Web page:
The lost world of the Omo Valley: amazing photographs reveal the virgins tribal communities in Ethiopia.

The lost world of the Omo Valley: amazing photographs reveal the virgins tribal communities in Ethiopia.

These photos show amazing tribes living almost intact an ancient way of life in the valley of the Omo.


The area is known for lip-plated Mursi and Karo, famous for wearing red and white ocher as body paint.


They were photographed by Italian Massimo Rumi for a two-month trip to the region in southern Ethiopia.


These incredible images of the lost world of the tribes of the Omo Valley in Ethiopia allow take a look at one of the most remote and beautiful parts of the world.

But beneath the surface, the increase in tourism is having a “negative impact” on these relatively pristine tribal communities and the 200,000 people who belong to them.

In recent years, the traditional tribal life in the valley of the Omo is claimed to have been threatened by modern development.


This stunning series of images by photographer Massimo Rumi capture a traditional way of life during a time of change.


Rumi, Italy, said: “As any photographer I was attracted to the valley of the Omo not for its scenery, but for the people who live in this area, ocher skin Hamer, Mursi lip-plated, the Karo painted, Daasanach and women.


“In a world that has become increasingly globalized I wanted to travel to this remote area of Africa before modernization obliterate their culture full of these ancient tribes.

The cultural heritage of the Omo Valley of Ethiopia, until recently, has been relatively untouched by globalization, however today dressed for visitors has become normal.

He added: “My biggest disappointment was seeing the negative impact of tourism is having on their behavior, and considering that Ethiopia has recently been nominated tourist destination year, this change can only get worse over time.

“Every time I approached a village of the tribe who had to negotiate a rate with the village chief to take pictures or sometimes had to pay me to people who wanted to photograph directly. I felt like I was in a casting.

“In Search photo, money pots women, horns and flowers piled up on her head. The children were posing as experienced models and were offering body painting and dance acts.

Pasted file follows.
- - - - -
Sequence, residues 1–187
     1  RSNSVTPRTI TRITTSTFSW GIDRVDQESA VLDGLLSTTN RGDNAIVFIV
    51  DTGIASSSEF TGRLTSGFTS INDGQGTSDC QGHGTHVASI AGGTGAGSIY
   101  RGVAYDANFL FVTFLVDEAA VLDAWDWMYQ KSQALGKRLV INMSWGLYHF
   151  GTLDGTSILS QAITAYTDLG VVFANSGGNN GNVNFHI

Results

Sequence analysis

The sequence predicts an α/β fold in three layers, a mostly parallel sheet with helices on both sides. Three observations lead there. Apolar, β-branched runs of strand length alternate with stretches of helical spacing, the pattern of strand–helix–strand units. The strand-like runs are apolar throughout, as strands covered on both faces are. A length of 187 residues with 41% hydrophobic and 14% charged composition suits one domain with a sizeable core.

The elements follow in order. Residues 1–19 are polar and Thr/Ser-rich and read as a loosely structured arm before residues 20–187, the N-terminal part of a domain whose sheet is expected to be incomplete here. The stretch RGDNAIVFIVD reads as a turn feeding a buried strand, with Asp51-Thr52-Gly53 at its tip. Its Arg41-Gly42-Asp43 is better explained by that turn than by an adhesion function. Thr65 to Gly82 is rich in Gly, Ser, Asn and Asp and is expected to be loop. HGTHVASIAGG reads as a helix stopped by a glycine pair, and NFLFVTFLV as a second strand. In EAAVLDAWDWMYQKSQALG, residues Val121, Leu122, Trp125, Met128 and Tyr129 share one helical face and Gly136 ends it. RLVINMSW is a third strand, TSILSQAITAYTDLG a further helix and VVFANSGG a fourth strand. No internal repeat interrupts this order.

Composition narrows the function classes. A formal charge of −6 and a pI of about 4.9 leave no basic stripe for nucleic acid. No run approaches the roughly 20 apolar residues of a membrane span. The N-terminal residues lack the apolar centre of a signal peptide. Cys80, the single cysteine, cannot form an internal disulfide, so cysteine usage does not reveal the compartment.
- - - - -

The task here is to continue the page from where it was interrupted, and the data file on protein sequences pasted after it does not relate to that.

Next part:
“I had to pay for each plane and very few were opportunities for me to capture spontaneous moments in your daily life.”

During his time traveling through Ethiopia from October to November 2015, he captured images Hammer, Daasanach, Karo and Mursi tribes.Other images show the moment Rumi was lucky to witness a ceremonial bull jumping event.

Mr. Rumi said, “When a man from the Hamar tribe has reached the age of majority has to jump over a line of cattle.

This act qualifies him to marry, have earned ye sons. The time of the ceremony is decided by the man’s parents and usually occurs after harvest. ”

“I felt very lucky to see through this authentic ritual. Ethiopia is a safe country, rich in history and well worth a visit before mass tourism will impact fully the authenticity of the place.

‘No dress in shirts and Nike shoes and tourists as soon as they change, is not yet.

The clothes they wear are authentic and rituals and way of life remains true, but the tourist dollar is rapidly becoming your lifestyle. ”


The tribes still living an ancient way of life, which tends to herds of goats and cattle and live in thatched huts.


The tribes located within the Omo valley are famous for their ancient way of life, but are increasingly threatened due to tourism.


The members of the Hamar tribe held during one of traditional community coming of age ceremonies.


These photographs were taken by Massimo Rumi (pictured), who spent two months photographing people in the area last year.